Wild ride for defensively inept Huskies
It was nearly four hours of delightful, athletic, entertaining mayhem at the Alamo Bowl, but the game will also be remembered for defensive ineptitude.
Seattle Times staff columnist
SAN ANTONIO — It was the most thrilling, explosive and delightful football game you'll ever watch.
It was the most defensively inept, too.
Washington did its part Thursday night and joined Baylor in making the Alamo Bowl the wildest party of college football's postseason. After 123 combined points, 1,397 combined yards and incredible, superhuman feats from both quarterbacks, great fun was had by all. But it's the Huskies who will suffer the harshest hangover now.
There's only one downside to playing in a 67-56 game that captured the nation's imagination for nearly four crazy hours. And that would be losing a 67-56 game that captured the nation's imagination for nearly four crazy hours. Win a game like this, and the story is your offense's excellence. Lose it, and the story is your defense's ineptitude. That's just how it goes.
Both Baylor and Washington wouldn't be able to get very far in an alphabet recital because they have no "D." But it'll be the Huskies who have to bear the most embarrassment for their poor defense.
They scored 56 points, they gained 620 yards, and their quarterback accounted for seven touchdowns — and they lost. By double digits. Of course, the game was closer than that 11-point margin. Nevertheless, the Huskies must live with the ugly reality that they played a beautiful game and failed to win because their defense couldn't stop a parked car.
With 56 points of wiggle room, the margin for error is tremendous. But the Huskies still allowed a school-record 777 yards. They still allowed 67 points, the second-most points they've ever given up. And Heisman Trophy winner Robert Griffin III really didn't go off on them, at least not by his standards.
Instead, Baylor rushed for 482 yards, the second most the Huskies have ever surrendered, and eight rushing touchdowns. Put that with the 446 that Stanford gained earlier this season, and the Huskies played two elite quarterbacks this season (RG3 and Andrew Luck) and kept them from monster games — but only because opposing running backs dominated them.
In this game, Terrance Ganaway rushed for 200 yards, including touchdown runs of 89 and 43 yards. Then, Tevin Reese and Jarred Salubi complemented him with 101 yards each.
"The part that was disappointing was the number of big plays that occurred," coach Steve Sarkisian said. "That's the part that was the most frustrating aspect of it all."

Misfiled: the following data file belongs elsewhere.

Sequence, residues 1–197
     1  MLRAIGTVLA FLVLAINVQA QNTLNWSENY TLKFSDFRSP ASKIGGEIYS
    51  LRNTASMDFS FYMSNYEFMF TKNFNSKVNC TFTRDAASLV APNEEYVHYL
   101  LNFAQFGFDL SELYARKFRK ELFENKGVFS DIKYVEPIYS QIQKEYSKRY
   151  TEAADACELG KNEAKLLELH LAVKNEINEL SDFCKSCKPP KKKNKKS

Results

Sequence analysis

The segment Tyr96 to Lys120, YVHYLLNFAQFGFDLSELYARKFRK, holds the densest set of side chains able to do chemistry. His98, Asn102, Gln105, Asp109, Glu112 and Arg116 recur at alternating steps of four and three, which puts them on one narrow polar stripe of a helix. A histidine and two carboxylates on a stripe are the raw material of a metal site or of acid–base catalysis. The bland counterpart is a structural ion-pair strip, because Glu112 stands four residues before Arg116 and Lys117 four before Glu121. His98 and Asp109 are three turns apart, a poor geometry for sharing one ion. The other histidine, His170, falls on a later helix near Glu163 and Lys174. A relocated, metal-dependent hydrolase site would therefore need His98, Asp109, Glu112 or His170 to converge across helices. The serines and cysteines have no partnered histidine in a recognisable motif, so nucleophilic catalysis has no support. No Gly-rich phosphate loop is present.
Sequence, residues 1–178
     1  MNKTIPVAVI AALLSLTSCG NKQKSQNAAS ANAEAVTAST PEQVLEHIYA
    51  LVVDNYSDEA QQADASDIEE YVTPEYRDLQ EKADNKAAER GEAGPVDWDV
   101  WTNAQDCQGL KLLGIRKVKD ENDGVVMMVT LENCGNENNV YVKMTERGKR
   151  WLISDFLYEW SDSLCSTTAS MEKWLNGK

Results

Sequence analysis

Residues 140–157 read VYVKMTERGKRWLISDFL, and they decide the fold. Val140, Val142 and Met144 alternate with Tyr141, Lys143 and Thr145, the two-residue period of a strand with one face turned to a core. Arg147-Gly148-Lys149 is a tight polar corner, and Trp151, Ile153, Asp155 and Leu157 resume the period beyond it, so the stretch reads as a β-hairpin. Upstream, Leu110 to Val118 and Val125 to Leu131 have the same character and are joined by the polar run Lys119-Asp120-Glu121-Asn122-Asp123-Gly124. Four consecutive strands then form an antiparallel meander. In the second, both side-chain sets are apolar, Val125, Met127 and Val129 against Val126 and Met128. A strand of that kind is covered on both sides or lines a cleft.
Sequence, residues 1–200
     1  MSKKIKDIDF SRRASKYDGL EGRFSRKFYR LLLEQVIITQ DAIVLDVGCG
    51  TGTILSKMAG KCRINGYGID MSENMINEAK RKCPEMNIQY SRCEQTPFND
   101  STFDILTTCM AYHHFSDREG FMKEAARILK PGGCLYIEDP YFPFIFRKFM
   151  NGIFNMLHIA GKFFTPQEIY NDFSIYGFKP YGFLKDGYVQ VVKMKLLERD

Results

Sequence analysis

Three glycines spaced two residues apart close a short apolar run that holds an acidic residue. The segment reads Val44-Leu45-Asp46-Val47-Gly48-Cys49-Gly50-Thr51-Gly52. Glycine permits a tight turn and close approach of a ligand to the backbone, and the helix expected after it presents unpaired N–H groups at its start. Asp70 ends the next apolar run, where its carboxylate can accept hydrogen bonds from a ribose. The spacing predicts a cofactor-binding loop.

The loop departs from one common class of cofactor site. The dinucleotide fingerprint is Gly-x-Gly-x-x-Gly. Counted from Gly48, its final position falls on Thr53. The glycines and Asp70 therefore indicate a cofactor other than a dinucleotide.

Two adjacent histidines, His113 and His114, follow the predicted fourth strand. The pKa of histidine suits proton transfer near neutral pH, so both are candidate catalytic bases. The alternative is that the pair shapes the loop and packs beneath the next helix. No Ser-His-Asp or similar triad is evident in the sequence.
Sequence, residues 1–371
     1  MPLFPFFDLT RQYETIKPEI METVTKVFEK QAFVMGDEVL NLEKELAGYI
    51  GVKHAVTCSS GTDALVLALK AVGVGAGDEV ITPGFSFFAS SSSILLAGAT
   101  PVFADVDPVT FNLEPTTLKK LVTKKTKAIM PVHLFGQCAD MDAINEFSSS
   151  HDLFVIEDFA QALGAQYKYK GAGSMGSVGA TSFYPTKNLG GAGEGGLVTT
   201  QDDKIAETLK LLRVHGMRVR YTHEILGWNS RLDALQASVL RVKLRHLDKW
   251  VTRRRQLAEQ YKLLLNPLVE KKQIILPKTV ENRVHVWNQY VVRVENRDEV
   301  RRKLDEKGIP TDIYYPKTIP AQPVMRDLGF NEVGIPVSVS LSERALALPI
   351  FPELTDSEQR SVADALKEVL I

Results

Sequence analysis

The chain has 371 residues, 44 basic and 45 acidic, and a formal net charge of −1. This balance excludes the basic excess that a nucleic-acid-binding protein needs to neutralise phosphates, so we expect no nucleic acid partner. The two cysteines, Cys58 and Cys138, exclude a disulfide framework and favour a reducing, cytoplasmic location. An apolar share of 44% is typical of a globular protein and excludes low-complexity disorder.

Yes, this was fun.
But ultimately, for the Huskies, it was frustrating.
It was a brilliant exhibition of offense. It was breathtaking — literally, you couldn't pause to breathe in between the action. The teams' 1,397 combined total yards was the most in bowl history, and only one possession lasted longer than 4:16.
This game had it all, and the offensive outbursts were quite equitable.
Amazing displays of quarterback athleticism? If Griffin wasn't bouncing off Husky defenders and diving into the end zone, then his counterpart, Keith Price, was throwing the sweetest pump fake on Baylor cornerback Ahmad Dixon and answering with his own score.
Long runs? There's Washington running back Chris Polk zipping through open space for a 56-yard touchdown run. And there's Ganaway dashing 80 yards.
Receivers running free? Check out Baylor's Terrance Williams. Or better yet, look at Washington's Jermaine Kearse.
It took Baylor less than seven minutes in the first quarter to turn a game tied at 7 into a 21-7 lead. And it took the Huskies only 11:01 to score four unanswered touchdowns in the second quarter to surge ahead 35-21.
Then the Bears scored 29 points in the third quarter to reclaim the lead at 53-49. And then Price had another superhuman touchdown run, not to mention his career-high 438 passing yards. And then Baylor scored 1:25 later to lead 60-56.
And so a year of great criticism of Washington defensive coordinator Nick Holt ends with the biggest humiliation of all.
Mind you, it came via one of the most incredible offenses in recent college football history. But the Huskies did allow Baylor to gain more than 200 yards above its normal offensive output.
The Huskies have some tough questions to answer about how to fix their defense this offseason. Sarkisian said he will evaluate the D, as well as the entire team, in the coming days.
For all the thrills they provided on offense in 2011, their defense kept them from being great. That was especially evident in this finale.
Jerry Brewer: 206-464-2277 or firstname.lastname@example.org. On Twitter @Jerry_Brewer.
About Jerry Brewer
Jerry Brewer offers a unique perspective on the world of sports.
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